Mimi Carpenter’s What the Sea Left Behind is a wonderful illustrated children’s book worth looking at no matter your age.
Watched this sparrow sit on roof with inchworm for at least ten minutes without eating his snack.
The Summer Day
Who made the world? Who made the swan, and the black bear? Who made the grasshopper? This grasshopper, I mean- the one who has flung herself out of the grass, the one who is eating sugar out of my hand, who is moving her jaws back and forth instead of up and down- who is gazing around with her enormous and complicated eyes. Now she lifts her pale forearms and thoroughly washes her face. Now she snaps her wings open, and floats away. I don't know exactly what a prayer is. I do know how to pay attention, how to fall down into the grass, how to kneel down in the grass, how to be idle and blessed, how to stroll through the fields, which is what I have been doing all day. Tell me, what else should I have done? Doesn't everything die at last, and too soon? Tell me, what is it you plan to do with your one wild and precious life?
We watched this bald eagle fly from a very small island on the lake to one of the largest – and there we found his (her?) nest. Didn’t get a clear photo of the bird in the nest.
Reid State Park – February 2019
“Man has lost the capacity to foresee and to forestall. He will end by destroying the earth.”
2:30 a.m. and I am out in the driveway with my little old lady dog. We’ve been at this schedule for many months now, and I do my best to remain partially asleep while also not slipping on the ice that has been plaguing us all winter. On nights when the sky is clear I steal glances into the twinkling heavens, then dart my eyes back to my dog, watching her maneuver ice on arthritic joints.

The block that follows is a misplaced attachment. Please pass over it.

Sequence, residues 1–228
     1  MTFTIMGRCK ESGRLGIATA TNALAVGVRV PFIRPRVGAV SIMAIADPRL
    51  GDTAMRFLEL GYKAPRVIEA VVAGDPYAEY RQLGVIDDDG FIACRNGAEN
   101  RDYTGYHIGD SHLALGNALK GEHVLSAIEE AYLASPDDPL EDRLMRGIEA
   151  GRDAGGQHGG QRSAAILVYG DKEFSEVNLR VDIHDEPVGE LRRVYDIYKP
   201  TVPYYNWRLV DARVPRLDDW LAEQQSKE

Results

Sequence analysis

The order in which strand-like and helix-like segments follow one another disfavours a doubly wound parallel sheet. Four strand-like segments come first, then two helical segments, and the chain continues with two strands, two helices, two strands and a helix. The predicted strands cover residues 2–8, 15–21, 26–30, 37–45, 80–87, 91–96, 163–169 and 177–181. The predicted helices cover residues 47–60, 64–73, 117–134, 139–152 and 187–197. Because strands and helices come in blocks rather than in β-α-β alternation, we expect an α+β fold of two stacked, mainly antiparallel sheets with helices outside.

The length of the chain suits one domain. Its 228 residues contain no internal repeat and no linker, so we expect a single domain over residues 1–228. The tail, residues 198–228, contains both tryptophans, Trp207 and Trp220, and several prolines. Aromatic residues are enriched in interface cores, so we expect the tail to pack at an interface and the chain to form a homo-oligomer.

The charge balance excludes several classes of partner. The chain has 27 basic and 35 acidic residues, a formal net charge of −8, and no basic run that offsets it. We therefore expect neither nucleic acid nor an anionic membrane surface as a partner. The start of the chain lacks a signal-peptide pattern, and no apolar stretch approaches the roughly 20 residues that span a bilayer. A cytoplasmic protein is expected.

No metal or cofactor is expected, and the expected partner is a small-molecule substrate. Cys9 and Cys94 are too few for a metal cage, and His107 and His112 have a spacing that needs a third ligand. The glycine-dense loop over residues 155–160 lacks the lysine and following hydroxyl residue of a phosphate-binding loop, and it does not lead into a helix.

Tonight I heard my old friend the barred owl. Owl sightings have been non-existent this winter. We’ve not even heard them calling in the distance. But now – finally! – my friend is outside in the treeline that hugs our waterfront. Small blessings. A bird calls in the night and a weary woman feels the corners of her lips turn up in a genuine smile.
Several cardinal pairs have been with us this winter. The male cardinal’s blood-red plumes always draw my attention. Typically animals survive by blending in, going unnoticed, keeping under the radar. Not so, male cardinal. Wearing the most audacious outfit in a bleak landscape and not even worried about the hawks and eagles that come to my land to find lunch.
I did a little research on why the cardinal has survived despite his flamboyant coloring: https://www.allaboutbirds.org/why-so-red-mr-cardinal-nestwatch-explains/
The bottom line seems to be that his enjoys using his fancy gear to show off for the ladies more than he cares about dulling down and hiding out from danger. Living on the edge, then.
Last winter I stood in the woods for forty five minutes, snow lightly falling, and watched this pileated woodpecker fling chunks of wood from this tree. I could spend happy hours every day wandering the woods and watching the winged and furred and slippery creatures that share this land with us.
If ever you can’t find me look to the woods. You’ll find my laptop bag will lead you into the trail. I will have dropped its heavy weight from my tired shoulders and left it for ants to explore and ferns to grow around.
I will be stepping lightly, so you won’t be able to locate my by listening for tromping feet. Rather, listening for my singing. Then walk until you come to a bend in the trail where you’ll find my cracked cell phone lies ringing. Don’t answer it. Just veer right. Ten paces and you’re over a knoll and deep in an old pine forest. See the water in the distance? You’ll find me at its edge, crouched or bent or otherwise scheming to capture a photo of a lovely creature – or a footprint or just the water slipping by on its way to somewhere else. You won’t be able to mistake me for anyone else. I’ll be the grinning girl clutching a camera.
Missing my blog but renewed my subscription for another year. The mad rush of summer and weddings and starting my own business will subside enough for me to post again. Until then….
While boating this weekend my husband and I eagerly scanned the lake for the domestic goose on the loose. (It’s probably a Toulouse.) My husband spotted an inflatable swan and declared that we’d found my friend. Moments later I saw that my goose had indeed found his friend. With apologies to the stranger in the photo. His belly and beer can shall remain anonymous for all time.
Four phoebes have hatched out in the nest under the deck. So excited to see them.